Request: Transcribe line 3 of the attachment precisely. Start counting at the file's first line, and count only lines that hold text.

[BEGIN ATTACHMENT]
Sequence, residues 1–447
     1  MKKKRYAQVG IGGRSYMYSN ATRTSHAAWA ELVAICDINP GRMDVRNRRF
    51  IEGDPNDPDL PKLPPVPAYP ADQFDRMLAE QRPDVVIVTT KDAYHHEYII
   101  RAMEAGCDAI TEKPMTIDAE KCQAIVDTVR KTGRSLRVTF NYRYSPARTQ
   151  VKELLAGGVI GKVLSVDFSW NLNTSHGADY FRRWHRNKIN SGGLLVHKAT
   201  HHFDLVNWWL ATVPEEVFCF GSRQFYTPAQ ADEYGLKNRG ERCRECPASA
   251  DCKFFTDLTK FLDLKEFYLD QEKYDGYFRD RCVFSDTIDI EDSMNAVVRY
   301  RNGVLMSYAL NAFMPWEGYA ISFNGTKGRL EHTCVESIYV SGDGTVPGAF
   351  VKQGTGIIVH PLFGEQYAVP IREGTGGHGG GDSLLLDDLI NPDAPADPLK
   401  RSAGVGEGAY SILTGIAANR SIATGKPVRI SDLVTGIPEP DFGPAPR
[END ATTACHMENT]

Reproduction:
    51  IEGDPNDPDL PKLPPVPAYP ADQFDRMLAE QRPDVVIVTT KDAYHHEYII